A Life in Mathematics

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On May 24, Sir Andrew Wiles will be awarded the 2016 Abel Prize by Prince Haakon of Norway on behalf of the Norwegian Academy of Science and Letters “for his stunning proof of Fermat’s Last Theorem by way of the modularity conjecture for semistable elliptic curves, opening a new era in number theory.” If you think that description is written in a foreign language,  just know that Wiles is a mathematician being awarded for his proof of a math problem more than three centuries old.abel

Wiles’ first introduction to the problem that would become the crowning achievement of his career came to him as a young ten-year-old boy in Cambridge, England when he stumbled upon a copy of a book on Fermat’s Last Theorem. The problem originated from French mathematician Pierre de Fermat who, in 1637, claimed that he could prove the problem now known as Fermat’s Last Theorem, but he never provided a proof. The problem—that there are no whole number solutions to the equation x^n + y^n = z^n when n is greater than 2—remained unsolved for so long that many began to speculate that it was impossible to prove.

“I knew from that moment that I would never let it go,” recalls Wiles. “I had to solve it.” However, young Wiles had to set aside Fermat’s Last Theorem to focus on his academic career, as he was nowhere near proving the theory at only ten years of life. Wiles studied mathematics at Merton College, Oxford, then attended Clare College in Cambridge for postgraduate studies where his area of research was number theory. There, he studied elliptic curves with his advisor, John Coates, until he received his PhD in 1980. In this time, he also began studying modular forms, which he continued to study after becoming a professor at Princeton University.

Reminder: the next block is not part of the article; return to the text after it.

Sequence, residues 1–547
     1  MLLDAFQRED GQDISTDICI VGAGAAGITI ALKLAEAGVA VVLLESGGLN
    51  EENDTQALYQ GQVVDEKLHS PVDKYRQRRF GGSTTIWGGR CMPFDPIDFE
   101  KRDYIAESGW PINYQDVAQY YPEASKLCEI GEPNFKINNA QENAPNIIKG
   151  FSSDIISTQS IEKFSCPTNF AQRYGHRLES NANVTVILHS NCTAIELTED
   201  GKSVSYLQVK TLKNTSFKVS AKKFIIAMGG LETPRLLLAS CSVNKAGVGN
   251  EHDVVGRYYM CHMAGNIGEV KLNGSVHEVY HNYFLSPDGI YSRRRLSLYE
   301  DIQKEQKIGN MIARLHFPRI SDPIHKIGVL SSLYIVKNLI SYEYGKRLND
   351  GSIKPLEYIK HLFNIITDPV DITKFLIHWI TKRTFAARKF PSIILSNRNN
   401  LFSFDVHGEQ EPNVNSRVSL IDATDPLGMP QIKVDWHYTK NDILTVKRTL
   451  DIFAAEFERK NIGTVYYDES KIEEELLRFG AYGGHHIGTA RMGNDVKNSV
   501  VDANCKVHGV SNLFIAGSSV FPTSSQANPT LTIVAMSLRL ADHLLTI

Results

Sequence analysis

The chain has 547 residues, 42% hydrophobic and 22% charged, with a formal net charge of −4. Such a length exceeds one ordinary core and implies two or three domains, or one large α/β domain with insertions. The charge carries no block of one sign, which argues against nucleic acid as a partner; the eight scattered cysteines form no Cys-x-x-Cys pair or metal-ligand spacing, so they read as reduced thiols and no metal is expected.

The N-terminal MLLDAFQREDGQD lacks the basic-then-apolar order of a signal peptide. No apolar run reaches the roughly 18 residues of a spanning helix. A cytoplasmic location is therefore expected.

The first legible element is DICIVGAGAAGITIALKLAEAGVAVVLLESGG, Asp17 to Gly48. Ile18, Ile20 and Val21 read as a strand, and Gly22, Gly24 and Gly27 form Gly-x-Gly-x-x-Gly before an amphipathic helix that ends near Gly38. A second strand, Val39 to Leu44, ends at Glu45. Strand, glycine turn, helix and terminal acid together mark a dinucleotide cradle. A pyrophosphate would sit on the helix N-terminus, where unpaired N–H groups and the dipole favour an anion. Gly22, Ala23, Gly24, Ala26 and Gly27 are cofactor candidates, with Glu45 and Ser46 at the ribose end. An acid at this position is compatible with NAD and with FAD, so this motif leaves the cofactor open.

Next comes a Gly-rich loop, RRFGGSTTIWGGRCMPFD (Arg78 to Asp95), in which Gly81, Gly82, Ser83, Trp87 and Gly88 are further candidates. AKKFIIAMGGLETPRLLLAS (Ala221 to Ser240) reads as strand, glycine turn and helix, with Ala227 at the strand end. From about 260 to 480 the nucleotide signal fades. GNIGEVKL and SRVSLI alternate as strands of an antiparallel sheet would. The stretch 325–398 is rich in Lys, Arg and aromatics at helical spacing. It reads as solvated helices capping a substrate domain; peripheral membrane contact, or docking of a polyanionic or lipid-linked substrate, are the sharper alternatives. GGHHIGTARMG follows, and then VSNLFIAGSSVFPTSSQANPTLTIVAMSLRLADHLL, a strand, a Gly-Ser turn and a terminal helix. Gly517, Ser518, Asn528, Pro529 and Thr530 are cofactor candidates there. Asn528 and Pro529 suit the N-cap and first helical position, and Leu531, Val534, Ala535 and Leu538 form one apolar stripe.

In 1986, it was shown that Fermat’s Last Theorem could be rephrased in the mathematics of modular forms and elliptic curves, the two fields which Wiles had focused on. “The challenge proved irresistible,” noted Wiles, and he diverted all of his attention toward proving the theorem alone.

image-02-largeSeven years of work led him to a proof, but an error was found, forcing him to labor over it for another year, but this time with the help of his former student, Richard Taylor.

Andrew Wiles received several awards and recognitions, including a knighthood in 2000. Now he is being offered the Abel Prize and the $700,000 that comes with it, proving that a life in mathematics can end in fame and success.

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